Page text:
Systematic Study of One Religion

AS 5 The Celtic Church in Ireland in the Fifth, Sixth and Seventh Centuries

A2 5 Themes in the Celtic Church, Reformation and Post-Reformation Church


Religion and Ethics

AS 7 Foundations of Ethics with Special Reference to Issues in Medical Ethics

A2 7 Global Ethics


Those students who do not opt for the GCE Religious Studies follow a modular programme designed to be a Programme for Christian Citizenship. The following modules are offered.

  • Spirituality

  • Making moral decisions

  • Seeking God

  • Human rights issues


In recent years, the College has successfully piloted a new post-16 programme of study designed by the Diocese of Down and Connor. The programme, named Cephas, is a faith-formation course of study which explores themes such as:


  • Personal identity & modern society

  • Peace and reconciliation

  • Caring for creation

  • Mission to the poor


The course also requires students to complete a project related to their studies and linked to the idea of social justice.




The Religious Education Department encourages and supports the following clubs and societies within the College:

  • Chaplaincy

  • Saint Vincent de Paul

  • Trócaire


Building external relationships is at the core of the Religious Education Department. We have worked hard to develop links with our neighbouring churches. We also work closely with our neighbouring communities of other faiths to ensure that our teaching is fully representative of our student body. This benefits our students through:


  • Christian Unity Week assemblies delivered by Gilnahirk Presbyterian Church, Gilnahirk Baptist Church, St Dorothea’s Church of Ireland and Braniel Methodist Church

  • Educational visits to Gilnahirk Presbyterian and Baptist churches

  • The delivery of lessons on the teaching of Jesus by the Scripture Union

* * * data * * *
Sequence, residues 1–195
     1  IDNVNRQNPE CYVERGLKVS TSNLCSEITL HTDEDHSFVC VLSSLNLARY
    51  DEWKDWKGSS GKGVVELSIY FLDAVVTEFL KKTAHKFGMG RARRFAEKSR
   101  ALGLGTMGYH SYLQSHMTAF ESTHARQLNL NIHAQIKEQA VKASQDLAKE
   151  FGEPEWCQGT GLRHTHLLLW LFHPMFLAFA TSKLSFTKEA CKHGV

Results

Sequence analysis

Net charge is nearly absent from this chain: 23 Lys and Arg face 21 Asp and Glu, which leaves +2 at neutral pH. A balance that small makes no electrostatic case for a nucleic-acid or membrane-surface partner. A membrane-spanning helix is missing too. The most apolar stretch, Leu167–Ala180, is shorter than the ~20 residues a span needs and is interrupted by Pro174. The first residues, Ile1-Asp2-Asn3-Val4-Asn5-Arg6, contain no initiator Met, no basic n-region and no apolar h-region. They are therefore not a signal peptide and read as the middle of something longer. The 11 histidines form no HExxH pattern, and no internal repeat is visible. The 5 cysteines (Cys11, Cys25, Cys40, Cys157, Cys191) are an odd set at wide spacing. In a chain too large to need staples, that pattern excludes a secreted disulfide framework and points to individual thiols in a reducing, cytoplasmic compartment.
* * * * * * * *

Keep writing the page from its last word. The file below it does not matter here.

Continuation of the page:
• A visit from the Gideon’s Society where New Testaments are given to all Year 8 students

  • Educational visits to the Belfast Synagogue

  • Educational visits to the Belfast Islamic Centre


The Department contributes to the liturgical life of the College through the coordination and planning of assemblies and through its collaboration with Down and Connor Diocesan societies to promote faith programmes.

The Retreat Programme


The College’s Retreat Programme is integral to the whole R.E programme. We are blessed to have the service of Sr Marie Doyle to provide plan, facilitate and lead retreats.


In Junior School, each student has the opportunity for a retreat experience once per year. Each year follows a particular theme.

  • Year 8: God has big plans for you

  • Year 9: I have called you by your name – looking at gifts and talents

  • Year 10: I am unique – made in the image and likeness of God


In Year 12, students are provided with the opportunity to take time out from their busy studies and reflect and pray together on retreat. This retreat is held externally, giving students the separation between a busy study year and their spiritual development.


Year 14 students are able to reflect on their journey at the College with a morning retreat which explores the theme of identity in society. This is a wonderful opportunity for students to consider how much they have grown in their seven years at the College and to reflect and pray together before taking the next step in their lives.